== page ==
Environment: Carbon emissions & waste management
When hosting a Hong Kong session at the China Pavilion at the United Nations Framework Convention on Climate Change (COP21) in Paris, Secretary for the Environment Wong Kam-sing presented a new target for reducing Hong Kong’s energy intensity by 40% by 2025. Following the conclusion of COP21 with a non-binding agreement on carbon emissions (to be distinguished from carbon intensity), Wong may advise Leung on what to incorporate into the policy address in this regard.
Regardless of the content, it is almost certain that Hongkong Electric and CLP will have a role to play, most probably through rearranging the fuel mix in the new Scheme of Control agreement as negotiations between the government and the two power companies progresses.
Building energy efficiency is Wong’s personal speciality. The recent announcement of new editions of Codes of Practice for Energy Efficiency of Building Services Installation and Building Energy Audit, which will be implemented in the second half of this year with a target energy savings of five billion kilowatt hours from all new buildings in Hong Kong, will be merit mention in the paper.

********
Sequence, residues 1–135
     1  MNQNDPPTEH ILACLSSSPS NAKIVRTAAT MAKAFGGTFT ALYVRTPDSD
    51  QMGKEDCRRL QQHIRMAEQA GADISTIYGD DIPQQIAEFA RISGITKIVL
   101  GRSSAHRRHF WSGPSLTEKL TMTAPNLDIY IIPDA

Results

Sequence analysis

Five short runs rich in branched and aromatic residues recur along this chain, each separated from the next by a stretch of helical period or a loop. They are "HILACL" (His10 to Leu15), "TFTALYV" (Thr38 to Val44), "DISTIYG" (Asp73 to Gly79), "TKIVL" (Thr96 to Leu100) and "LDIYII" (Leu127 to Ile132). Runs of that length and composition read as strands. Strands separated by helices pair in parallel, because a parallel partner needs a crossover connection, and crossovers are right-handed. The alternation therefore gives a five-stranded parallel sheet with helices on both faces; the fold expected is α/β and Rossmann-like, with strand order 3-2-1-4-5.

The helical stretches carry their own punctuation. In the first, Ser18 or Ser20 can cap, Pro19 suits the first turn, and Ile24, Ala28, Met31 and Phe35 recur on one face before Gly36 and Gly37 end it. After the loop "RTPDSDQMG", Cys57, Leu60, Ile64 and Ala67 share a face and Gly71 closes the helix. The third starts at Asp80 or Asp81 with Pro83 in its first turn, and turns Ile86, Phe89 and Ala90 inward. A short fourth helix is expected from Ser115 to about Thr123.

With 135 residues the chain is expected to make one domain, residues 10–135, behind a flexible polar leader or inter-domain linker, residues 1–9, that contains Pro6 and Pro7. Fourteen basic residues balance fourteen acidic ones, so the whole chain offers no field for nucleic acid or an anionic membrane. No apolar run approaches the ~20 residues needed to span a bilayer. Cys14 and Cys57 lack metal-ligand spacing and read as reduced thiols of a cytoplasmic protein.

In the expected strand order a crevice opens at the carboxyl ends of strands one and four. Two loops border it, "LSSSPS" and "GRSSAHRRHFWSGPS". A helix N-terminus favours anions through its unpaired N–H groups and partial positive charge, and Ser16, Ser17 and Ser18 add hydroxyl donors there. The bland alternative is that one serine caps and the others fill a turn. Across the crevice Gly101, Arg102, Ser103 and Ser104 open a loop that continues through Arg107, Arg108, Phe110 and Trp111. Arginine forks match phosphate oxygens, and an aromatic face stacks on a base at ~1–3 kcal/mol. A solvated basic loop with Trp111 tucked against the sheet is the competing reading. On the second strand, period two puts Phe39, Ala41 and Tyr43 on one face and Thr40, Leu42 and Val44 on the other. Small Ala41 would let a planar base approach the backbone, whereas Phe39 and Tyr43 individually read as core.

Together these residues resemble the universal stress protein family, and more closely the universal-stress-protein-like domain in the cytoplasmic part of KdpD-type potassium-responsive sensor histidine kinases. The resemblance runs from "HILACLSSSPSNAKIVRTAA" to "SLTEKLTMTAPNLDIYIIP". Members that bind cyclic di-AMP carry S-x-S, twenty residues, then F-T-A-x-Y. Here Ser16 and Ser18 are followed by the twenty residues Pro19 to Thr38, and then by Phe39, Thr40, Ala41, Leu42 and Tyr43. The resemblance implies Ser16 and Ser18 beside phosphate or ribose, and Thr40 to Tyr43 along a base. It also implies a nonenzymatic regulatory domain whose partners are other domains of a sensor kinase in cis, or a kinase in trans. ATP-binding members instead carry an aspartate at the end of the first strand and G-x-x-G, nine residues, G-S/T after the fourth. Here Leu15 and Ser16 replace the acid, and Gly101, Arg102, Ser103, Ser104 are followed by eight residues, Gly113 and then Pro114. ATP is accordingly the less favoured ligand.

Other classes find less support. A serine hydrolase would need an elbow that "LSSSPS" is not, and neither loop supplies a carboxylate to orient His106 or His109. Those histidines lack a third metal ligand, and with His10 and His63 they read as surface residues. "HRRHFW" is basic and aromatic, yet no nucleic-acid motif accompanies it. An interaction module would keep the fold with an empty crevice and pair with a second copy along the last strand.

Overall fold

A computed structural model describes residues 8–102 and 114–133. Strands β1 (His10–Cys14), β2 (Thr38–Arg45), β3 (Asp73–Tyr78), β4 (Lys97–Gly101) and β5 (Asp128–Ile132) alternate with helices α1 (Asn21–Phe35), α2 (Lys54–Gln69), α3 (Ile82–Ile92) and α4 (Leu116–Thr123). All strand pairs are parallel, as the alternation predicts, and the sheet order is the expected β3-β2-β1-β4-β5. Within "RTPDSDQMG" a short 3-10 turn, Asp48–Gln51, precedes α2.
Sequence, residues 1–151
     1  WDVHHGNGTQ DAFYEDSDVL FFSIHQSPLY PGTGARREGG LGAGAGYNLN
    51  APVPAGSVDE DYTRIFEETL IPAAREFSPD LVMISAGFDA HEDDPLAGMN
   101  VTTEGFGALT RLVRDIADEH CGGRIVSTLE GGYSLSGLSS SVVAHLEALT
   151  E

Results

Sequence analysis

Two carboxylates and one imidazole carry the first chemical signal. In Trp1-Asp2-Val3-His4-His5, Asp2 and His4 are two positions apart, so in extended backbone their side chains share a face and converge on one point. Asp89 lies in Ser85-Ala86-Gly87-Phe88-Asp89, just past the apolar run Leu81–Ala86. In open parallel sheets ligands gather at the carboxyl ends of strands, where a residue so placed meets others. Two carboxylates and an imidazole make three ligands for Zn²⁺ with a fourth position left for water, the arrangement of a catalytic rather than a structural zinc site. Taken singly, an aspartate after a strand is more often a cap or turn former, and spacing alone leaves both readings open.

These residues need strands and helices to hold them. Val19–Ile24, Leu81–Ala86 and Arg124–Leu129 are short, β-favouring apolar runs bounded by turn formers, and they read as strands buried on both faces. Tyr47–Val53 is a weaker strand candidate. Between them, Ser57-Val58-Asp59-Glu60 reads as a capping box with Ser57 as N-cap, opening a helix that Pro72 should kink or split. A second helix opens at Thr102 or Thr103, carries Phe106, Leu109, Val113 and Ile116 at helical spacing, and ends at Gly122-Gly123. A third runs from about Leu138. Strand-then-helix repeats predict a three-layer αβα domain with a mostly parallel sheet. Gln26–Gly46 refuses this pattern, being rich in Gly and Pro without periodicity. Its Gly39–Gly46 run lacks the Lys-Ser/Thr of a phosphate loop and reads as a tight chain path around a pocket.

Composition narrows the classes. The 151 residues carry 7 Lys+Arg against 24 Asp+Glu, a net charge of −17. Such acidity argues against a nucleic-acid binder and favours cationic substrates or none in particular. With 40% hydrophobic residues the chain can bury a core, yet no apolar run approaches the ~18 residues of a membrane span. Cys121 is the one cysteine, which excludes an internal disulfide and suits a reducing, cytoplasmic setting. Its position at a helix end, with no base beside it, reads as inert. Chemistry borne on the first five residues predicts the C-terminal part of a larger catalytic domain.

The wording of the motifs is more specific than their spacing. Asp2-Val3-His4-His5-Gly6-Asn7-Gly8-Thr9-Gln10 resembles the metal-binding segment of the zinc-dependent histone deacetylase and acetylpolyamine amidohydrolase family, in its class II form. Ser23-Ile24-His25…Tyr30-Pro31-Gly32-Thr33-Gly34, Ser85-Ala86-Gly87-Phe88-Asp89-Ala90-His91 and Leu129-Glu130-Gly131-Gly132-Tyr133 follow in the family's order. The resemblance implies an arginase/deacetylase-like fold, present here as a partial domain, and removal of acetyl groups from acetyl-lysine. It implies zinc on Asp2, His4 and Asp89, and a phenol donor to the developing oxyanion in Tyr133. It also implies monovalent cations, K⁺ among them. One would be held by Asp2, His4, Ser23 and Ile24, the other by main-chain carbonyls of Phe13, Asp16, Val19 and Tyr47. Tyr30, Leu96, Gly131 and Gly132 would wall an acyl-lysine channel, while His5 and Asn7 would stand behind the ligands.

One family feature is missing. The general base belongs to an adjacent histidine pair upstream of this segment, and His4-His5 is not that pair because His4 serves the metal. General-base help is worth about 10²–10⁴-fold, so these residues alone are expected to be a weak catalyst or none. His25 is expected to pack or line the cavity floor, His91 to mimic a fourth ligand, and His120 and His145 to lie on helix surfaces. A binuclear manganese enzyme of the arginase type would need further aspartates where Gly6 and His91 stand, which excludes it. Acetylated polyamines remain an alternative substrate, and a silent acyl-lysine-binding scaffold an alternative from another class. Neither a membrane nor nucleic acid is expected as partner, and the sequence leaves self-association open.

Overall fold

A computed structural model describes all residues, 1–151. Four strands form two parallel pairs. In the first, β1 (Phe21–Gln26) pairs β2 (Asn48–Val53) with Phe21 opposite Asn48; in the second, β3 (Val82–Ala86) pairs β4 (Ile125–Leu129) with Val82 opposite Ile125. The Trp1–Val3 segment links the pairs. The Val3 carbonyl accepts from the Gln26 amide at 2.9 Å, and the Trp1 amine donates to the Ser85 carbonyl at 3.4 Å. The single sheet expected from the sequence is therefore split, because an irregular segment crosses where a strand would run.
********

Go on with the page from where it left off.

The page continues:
Leung will also likely reiterate his commitment to promoting recycling and waste management as the LegCo Public Accounts Committee’s public hearings on reduction and recycling of food waste and the government’s efforts in managing municipal solid waste continue. In October last year, the government launched a HKD$1 billion Recycling Fund, but Asia’s World City still lags far behind its regional counterparts in this area.
Last but not least, the construction of a HKD$19.2 billion incinerator in Shek Kwu Chau, to be tendered in this year, will be presented as a government effort to promote waste-to-energy initiatives, along with the Sludge Treatment Facility in Tuen Mun, which is expected to open in early 2016.
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